Crimsix clarifies comment on Dallas Empire being his “best team ever” - Dexerto
Call of Duty

Crimsix clarifies comment on Dallas Empire being his “best team ever”

Published: 31/Aug/2020 11:01 Updated: 2/Sep/2020 9:27

by Jacob Hale


Dallas Empire’s Ian ‘Crimsix’ Porter has explained why his current team is “the best he’s ever been on” after the team’s dominant CDL Championship run finished with him earning his third world championship ring on Sunday, August 30.

Throughout his tenure as a professional Call of Duty player, Crimsix has been a member of the two teams widely considered to be “dynasties” — the Complexity and Evil Geniuses team of 2012-2014, and then his OpTic Gaming squad from 2014-2019.

As the most successful player to ever grace the CoD esports scene, Crim has been on inarguably the greatest rosters of all time — but has now said that he believes his Champs-winning Empire side to be the best ever.

“Best team I’ve ever been on, no contest,” he said in a tweet posted shortly after the finals. “We couldn’t have done it without each other, and I’ve never in my entire career, played a tournament being this prepared.”

Naturally, the response caused a huge stir in the Call of Duty community. Having been on those dynasty teams in the past, and comparisons between the two causing enough division as is, Crim’s claim has now stoked the fires further.

Crimsix explains why Dallas Empire is his best team ever

While fans debated their beliefs on the OpTic team being better than both, or the Complexity/EG team being far superior, Crimsix decided to clarify why he believes his Dallas Empire side to be even better.

“On coL, we were dominant to different level,” he said. “A new breed of players, but playing with Aches online takes a mental toll. OG [OpTic Gaming] team had enormous amounts of skill, but if we got out-skilled, we got exposed.”

Obviously, there’s an argument to be made in favor of all of Crimsix’s top teams over which one is the best. For now, Crimsix clearly opts for his current side, and it will be interesting to see whether they can maintain the same level of dominance and intensity in the 2021 CDL season on Black Ops Cold War.

With young players like Anthony ‘Shotzzy’ Cuevas-Castro and Indervir ‘iLLeY’ Dhaliwal still able to develop and grow as competitors, not to mention the perennial prodigy Cuyler ‘Huke’ Garland, we might have yet another dynasty on our hands — and then we can truly judge which Crimsix team is the greatest of all time.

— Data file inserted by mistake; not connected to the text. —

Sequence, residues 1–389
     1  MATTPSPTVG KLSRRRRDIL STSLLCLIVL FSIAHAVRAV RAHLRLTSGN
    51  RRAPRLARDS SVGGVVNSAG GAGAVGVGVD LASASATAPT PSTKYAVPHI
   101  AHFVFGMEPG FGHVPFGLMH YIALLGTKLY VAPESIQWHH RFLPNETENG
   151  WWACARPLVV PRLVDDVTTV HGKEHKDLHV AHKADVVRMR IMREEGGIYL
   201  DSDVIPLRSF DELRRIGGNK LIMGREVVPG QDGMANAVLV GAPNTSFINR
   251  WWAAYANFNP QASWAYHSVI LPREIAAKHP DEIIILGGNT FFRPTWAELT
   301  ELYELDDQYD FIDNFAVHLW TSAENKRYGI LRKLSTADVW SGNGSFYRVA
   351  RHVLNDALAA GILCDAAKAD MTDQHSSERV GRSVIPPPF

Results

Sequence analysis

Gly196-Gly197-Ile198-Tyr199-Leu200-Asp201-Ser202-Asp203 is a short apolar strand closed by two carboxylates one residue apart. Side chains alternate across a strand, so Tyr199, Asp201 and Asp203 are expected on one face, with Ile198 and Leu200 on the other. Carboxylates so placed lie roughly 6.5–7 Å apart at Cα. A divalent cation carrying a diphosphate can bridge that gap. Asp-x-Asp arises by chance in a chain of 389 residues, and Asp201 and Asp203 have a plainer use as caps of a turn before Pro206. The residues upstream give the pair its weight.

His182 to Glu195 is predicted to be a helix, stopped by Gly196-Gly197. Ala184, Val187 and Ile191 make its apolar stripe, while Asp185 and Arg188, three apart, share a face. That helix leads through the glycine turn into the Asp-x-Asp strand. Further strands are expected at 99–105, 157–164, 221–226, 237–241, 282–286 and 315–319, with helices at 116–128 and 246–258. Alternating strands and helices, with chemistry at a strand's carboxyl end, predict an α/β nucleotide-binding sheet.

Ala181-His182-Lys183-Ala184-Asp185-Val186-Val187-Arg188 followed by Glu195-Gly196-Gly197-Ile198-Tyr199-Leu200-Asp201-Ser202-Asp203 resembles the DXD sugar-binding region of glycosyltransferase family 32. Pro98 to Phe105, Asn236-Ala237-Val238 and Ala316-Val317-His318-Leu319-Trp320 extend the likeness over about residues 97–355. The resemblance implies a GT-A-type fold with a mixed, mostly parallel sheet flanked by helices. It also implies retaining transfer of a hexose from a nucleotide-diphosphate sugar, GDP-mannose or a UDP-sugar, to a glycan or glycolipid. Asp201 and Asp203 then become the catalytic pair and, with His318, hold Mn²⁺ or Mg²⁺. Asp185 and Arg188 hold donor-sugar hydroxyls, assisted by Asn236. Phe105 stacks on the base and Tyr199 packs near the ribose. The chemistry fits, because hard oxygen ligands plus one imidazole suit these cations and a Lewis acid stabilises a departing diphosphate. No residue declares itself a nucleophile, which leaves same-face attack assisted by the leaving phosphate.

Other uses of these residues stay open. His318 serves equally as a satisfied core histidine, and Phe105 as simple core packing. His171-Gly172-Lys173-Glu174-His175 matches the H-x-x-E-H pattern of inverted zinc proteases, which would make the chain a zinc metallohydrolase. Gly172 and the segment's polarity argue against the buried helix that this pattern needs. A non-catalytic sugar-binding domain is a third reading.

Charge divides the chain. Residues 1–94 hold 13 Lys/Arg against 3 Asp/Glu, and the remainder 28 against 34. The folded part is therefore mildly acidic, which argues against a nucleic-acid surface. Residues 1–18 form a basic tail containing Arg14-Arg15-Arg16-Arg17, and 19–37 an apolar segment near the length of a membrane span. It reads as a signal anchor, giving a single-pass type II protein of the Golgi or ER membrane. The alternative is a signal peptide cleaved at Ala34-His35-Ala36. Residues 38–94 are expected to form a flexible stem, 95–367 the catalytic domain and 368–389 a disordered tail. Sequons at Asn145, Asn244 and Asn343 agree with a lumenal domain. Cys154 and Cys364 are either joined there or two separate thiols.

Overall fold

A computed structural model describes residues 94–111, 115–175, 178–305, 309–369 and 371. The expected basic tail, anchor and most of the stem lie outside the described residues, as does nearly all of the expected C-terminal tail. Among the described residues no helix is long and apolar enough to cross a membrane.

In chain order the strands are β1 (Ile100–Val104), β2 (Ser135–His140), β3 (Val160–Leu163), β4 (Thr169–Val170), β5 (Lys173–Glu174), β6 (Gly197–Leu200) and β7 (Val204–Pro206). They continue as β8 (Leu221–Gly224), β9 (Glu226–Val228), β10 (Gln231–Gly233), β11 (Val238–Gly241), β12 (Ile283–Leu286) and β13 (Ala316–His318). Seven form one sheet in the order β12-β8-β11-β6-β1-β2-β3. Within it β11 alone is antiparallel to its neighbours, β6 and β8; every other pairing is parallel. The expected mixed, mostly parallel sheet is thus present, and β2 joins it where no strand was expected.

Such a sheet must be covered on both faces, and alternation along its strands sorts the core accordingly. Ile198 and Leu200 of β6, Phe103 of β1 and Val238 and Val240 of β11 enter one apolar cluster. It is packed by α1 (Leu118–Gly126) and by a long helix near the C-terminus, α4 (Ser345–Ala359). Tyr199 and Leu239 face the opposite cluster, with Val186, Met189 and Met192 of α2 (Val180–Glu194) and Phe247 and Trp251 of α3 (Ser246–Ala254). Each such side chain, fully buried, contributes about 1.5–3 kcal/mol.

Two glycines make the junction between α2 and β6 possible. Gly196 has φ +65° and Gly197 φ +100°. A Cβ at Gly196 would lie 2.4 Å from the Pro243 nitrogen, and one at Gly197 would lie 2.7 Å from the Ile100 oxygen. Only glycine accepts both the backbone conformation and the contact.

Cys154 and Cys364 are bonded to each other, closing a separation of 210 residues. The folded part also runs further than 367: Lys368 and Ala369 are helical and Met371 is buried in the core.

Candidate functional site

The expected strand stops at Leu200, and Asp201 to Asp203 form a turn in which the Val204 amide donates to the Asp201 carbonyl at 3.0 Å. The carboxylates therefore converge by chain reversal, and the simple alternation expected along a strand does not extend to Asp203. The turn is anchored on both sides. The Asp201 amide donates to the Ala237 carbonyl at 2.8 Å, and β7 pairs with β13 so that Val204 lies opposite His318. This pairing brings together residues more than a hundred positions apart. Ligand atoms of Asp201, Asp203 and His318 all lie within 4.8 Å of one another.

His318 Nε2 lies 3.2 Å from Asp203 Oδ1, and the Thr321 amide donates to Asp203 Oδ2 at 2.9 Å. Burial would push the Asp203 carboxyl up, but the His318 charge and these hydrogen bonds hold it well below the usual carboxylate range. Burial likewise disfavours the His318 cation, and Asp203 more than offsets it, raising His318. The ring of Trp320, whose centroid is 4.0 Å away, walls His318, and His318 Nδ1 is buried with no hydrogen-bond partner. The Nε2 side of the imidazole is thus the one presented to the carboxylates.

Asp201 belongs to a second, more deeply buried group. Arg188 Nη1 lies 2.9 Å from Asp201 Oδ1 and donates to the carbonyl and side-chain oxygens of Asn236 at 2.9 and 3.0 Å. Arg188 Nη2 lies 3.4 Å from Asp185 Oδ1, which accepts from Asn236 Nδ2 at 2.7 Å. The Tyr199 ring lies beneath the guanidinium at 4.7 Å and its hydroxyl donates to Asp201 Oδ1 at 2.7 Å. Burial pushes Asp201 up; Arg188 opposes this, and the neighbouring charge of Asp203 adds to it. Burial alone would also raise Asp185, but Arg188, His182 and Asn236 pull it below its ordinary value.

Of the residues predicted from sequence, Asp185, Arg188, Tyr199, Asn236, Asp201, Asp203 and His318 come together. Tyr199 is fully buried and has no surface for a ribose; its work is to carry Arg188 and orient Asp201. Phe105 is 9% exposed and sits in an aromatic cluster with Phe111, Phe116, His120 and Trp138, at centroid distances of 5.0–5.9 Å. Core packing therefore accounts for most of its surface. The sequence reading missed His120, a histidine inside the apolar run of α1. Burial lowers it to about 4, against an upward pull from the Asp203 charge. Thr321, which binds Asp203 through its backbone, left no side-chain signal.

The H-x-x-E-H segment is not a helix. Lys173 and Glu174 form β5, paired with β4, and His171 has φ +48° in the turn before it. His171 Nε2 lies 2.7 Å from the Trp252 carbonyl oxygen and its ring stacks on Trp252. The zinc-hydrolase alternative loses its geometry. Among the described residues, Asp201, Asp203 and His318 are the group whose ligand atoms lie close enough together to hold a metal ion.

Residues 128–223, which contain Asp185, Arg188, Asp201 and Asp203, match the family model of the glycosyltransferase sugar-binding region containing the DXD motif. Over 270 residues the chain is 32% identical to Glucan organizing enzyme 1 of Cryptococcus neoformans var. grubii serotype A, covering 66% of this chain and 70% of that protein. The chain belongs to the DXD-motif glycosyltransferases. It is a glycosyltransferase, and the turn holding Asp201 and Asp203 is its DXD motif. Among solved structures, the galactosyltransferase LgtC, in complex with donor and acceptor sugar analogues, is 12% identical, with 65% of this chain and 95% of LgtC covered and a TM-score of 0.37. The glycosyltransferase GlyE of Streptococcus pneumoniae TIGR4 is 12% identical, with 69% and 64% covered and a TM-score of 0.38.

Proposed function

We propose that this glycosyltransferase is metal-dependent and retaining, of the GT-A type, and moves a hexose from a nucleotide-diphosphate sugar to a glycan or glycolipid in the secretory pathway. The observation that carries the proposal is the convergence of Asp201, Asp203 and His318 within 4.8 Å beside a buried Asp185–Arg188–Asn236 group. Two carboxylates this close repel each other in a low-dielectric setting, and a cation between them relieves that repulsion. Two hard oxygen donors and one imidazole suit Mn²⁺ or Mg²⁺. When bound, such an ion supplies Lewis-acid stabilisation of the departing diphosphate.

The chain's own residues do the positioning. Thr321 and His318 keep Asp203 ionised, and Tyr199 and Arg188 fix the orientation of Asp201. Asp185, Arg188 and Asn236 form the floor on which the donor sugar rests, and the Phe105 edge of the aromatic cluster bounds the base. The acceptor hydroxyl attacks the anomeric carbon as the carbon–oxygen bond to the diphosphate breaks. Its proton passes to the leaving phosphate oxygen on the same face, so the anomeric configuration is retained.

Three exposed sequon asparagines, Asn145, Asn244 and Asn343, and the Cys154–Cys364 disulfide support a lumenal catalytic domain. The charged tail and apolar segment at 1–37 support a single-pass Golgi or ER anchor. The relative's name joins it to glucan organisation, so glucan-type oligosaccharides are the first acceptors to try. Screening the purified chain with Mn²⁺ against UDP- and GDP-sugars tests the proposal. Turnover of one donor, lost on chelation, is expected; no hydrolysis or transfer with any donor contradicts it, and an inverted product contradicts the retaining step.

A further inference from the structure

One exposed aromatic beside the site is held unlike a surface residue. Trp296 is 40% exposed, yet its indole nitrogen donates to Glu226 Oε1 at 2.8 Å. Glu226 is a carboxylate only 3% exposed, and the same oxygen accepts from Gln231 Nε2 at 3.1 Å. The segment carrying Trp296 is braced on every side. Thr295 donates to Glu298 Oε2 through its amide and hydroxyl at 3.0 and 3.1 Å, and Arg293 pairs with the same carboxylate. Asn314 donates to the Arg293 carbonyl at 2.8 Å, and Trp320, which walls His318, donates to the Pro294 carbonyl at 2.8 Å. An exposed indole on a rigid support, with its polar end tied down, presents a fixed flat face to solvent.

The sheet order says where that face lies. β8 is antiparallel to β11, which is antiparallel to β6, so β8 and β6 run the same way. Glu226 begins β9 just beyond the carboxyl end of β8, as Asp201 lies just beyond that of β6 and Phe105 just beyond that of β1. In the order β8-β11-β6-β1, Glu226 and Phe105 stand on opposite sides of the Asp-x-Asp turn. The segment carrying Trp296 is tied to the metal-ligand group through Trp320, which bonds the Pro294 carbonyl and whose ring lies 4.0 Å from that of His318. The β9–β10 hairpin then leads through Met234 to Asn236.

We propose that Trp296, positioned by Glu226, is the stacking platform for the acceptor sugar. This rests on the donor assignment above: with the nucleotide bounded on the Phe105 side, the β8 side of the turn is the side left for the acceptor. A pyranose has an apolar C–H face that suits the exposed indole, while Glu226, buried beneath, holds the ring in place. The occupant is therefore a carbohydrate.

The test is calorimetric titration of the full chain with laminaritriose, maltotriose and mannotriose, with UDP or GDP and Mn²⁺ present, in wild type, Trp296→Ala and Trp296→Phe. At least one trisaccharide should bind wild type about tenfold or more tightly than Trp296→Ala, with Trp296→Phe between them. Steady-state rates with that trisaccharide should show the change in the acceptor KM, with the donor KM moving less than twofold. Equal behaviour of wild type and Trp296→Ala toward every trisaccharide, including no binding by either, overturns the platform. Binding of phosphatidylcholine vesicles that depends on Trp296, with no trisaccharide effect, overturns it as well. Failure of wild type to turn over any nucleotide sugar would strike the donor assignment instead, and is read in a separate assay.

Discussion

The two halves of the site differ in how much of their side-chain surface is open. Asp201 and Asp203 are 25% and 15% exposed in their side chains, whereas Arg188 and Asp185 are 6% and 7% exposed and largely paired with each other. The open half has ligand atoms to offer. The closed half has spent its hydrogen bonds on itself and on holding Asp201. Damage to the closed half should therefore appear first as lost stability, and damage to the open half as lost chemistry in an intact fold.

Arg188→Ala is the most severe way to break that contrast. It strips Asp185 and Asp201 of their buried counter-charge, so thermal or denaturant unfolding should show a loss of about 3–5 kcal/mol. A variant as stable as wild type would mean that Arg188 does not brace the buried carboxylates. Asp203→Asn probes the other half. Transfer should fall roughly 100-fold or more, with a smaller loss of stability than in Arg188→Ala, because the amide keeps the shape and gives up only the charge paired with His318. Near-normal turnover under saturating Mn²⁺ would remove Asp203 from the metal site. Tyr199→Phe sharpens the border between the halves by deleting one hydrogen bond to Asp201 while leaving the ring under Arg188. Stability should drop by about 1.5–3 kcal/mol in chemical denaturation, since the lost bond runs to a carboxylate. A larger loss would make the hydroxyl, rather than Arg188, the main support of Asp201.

Call of Duty

Dr Disrespect calls out Activision & Warzone tourney admins for hacker drama

Published: 23/Jan/2021 0:41

by Theo Salaun


Following scandal over a disqualified cheater in a Warzone tournament, Dr Disrespect is calling out Activision’s lack of an anti-cheat and Twitch Rivals’ lack of a formal process for investigating hacks.

In hours of drama that rocked the competitive Call of Duty: Warzone community, a smaller streamer, ‘Metzy_B,’ was accused of cheating during the $250K Twitch Rivals Doritos Bowl tournament. Prior to the final match of the event, his team was disqualified by tournament admins and stripped of any chance at tournament earnings.

Twitch Rivals have remained relatively quiet on the issue, practically ignoring it during the broadcast and offering up a minimally worded explanation over Twitter. In their explanation, the admins simply explained that Metzy “was ruled to be cheating” and subsequently “removed from the event.”

With that lack of transparency, rumors and accusations flew. Former Call of Duty League pro, one of the highest Warzone earners currently, Thomas ‘Tommey’ Trewren spent hours interrogating the accused and having a friend take control of Metzy’s PC to dive through his logs for any proof of hacks. This all leads to Dr Disrespect asserting that, with or without an Activision anti-cheat, tournament organizers need to do better.

As shared by ‘WickedGoodGames,’ the Two-Time has a clear perspective on this issue. If the developers can’t institute an effective anti-cheat, then every single tournament must “define a process in finding out if he is [cheating] or not … obviously outside of the whole Call of Duty not having an anti-cheat kind of software built in.”

The drama was obviously divisive, as most participants in the tournament believed Metzy (and others) to be cheating, while others weren’t so sure. With no one knowing precisely how Twitch handled the situation, the community was left to investigate themselves.

As Dr Disrespect has heard, the “purple snakes” disqualified Metzy based on “a couple suspicious clips” and without asking to check his computer. This is echoed by the accused himself, who has since commended Tommey for trying to figure out what the admins had failed to.

That account goes directly against others, as fellow competitor BobbyPoff reacted by alleging that Metzy was, in fact, originally reluctant to display his task manager logs.

While the truth may be impossible to find at this point, as Twitch Rivals have given no explanation of their process and any number of files could have been deleted by the time Tommey got access, Dr Disrespect’s point is proven by the drama.

If Activision can’t deliver a functioning anti-cheat and tournament organizers don’t have a strict, transparent policy for hackers — then community infighting over a “grey area” is unavoidable.